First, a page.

Here the writer Larry Bossidy and Ram Saran has discussed the three building blocks of execution. On the first building block he discussed about the seven essential behaviors of leaders, which are, the first one is to know your people and business what focus on formal and informal systems to generate and capture information about the competencies and performance of people. The second one is to insist on realism which is nothing but knowing the facts about a business: market share, ROI, costs of customer acquisition, customers intentions etc. the third one is setting clear-cut goals and priorities, the fourth one is follow-through where the leader has to think Who will do what and when? How will success be measured, by whom and when? The fifth is reward the doer that means if you want people to use specific results, you reward them accordingly. The sixth one is to expand the people s capabilities through coaching. By coaching, the authors mean one-on-one instruction. But they also seem to include formal professional development programs in this category. And finally to know yourself, which means Organizational leadership requires emotional fortitude, which is made up of four key qualities: authenticity, self-awareness, self-mastery, and humility. The second building block is regarding how to create a framework for cultural change. To change a business's culture, you need a set of processes -- social operating mechanisms -- that will change the beliefs and behavior of people in ways that are directly related to bottom-line results. You need to change people's behavior so that they produce results. First you tell people clearly what results you're looking for. Then you discuss how to get those results, as a key element of the coaching process. Then you reward people for producing the results. If they come up short, you provide additional coaching, withdraw rewards, give them other jobs, or let them go. When you do these things, you create a culture of getting things done. Regarding operationalizing cult the authors suggest that values rarely need to be changed, but that beliefs must often be changed to influence long-term behavior patterns. Generally, an organization s values, such as fundamental principles, integrity, respect, etc., are appropriate. The authors also suggest people change their beliefs only when new evidence shows them persuasively that they are faulty. The authors are exclusively talking about pay and bonuses as rewards . The foundation of changing behavior is linking rewards to performance and making the linkages transparent. A business s culture defines what gets appreciated and respected and, ultimately, reported. It tells the people in the organization what s valued and recognized, and in the interest of trying to make their own careers more successful, that s where they will concentrate. If a company rewards and promotes people for execution, its culture will change. The anthers also speaks about the social software of execution like value, belief, norms of behavior and the organization hardware like organizational structure, reward design, compensation, communication, financial reports and their flows. The last building block is the people. Larry Bossidy says that when things were going well in a company he headed, he spent 20% of his time on the people processes, when he was re-building, that went up to 30-40%. During his first three years at Allied Signal, he personally interviewed many of the 300 plus MBA s hired because they were the source for future leaders. So why are there mismatches in people and the needs of the organization? The reasons may be leaders don t know enough about the people they hire or leaders pick people they are comfortable with, rather than those with the best skills or leaders lack courage to discriminate between strong and weak performers and to take necessary actions. To consistently improve the leadership gene pool, every business needs a discipline that is embedded in the people process, with candid dialogues about the matches between people and jobs, and follows through that ensures that people take appropriate actions. The final part is all about three core processes of execution i.e. people processes which links the strategy with operation, the Strategy Process: Making the Link with People and Operations and the Operations Process: Making the Link with Strategy and People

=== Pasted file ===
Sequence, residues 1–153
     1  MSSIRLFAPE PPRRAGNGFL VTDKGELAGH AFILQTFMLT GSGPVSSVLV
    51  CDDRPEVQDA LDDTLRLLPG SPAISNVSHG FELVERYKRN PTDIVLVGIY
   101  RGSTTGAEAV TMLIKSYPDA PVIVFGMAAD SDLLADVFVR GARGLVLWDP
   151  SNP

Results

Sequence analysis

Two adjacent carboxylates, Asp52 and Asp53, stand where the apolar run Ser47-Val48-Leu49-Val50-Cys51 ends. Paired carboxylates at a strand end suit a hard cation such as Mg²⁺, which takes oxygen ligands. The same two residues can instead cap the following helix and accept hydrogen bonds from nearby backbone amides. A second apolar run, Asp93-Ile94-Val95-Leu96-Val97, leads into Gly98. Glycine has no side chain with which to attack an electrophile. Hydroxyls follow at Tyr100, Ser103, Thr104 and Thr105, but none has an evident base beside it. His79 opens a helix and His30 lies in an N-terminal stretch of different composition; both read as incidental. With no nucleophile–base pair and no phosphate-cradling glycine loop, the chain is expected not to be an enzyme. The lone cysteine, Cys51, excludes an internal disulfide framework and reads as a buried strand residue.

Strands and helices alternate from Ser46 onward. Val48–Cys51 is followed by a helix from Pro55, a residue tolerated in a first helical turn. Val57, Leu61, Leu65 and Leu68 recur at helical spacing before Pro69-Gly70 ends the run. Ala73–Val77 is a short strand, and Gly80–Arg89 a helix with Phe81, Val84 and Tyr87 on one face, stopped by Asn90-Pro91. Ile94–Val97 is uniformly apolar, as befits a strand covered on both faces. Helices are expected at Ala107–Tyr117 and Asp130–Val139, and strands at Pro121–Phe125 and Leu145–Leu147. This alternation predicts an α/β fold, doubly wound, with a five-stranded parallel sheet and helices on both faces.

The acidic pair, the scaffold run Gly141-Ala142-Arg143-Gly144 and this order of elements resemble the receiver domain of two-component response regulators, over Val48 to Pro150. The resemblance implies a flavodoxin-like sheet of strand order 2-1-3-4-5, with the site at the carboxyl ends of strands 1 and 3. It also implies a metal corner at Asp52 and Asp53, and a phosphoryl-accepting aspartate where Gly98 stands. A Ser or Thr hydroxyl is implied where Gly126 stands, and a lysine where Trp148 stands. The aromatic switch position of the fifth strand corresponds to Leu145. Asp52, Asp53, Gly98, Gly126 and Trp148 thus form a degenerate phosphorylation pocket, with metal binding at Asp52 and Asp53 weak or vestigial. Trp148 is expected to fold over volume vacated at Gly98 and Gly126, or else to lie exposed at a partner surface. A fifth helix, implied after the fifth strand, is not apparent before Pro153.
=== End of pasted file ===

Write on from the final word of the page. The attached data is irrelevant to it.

Excellent leadership book December 2, 2008
Reviewer: Eric Swanson from Dallas, TX

Too sum this book up in one word "EXCELLENT." If you are looking for a motivational book, then read this. This book has helped me 100% more with my leadership and management skills. If you are just getting started in management or been there a long time and having problems, then I would strongly insist reading this. It will definitely help you out.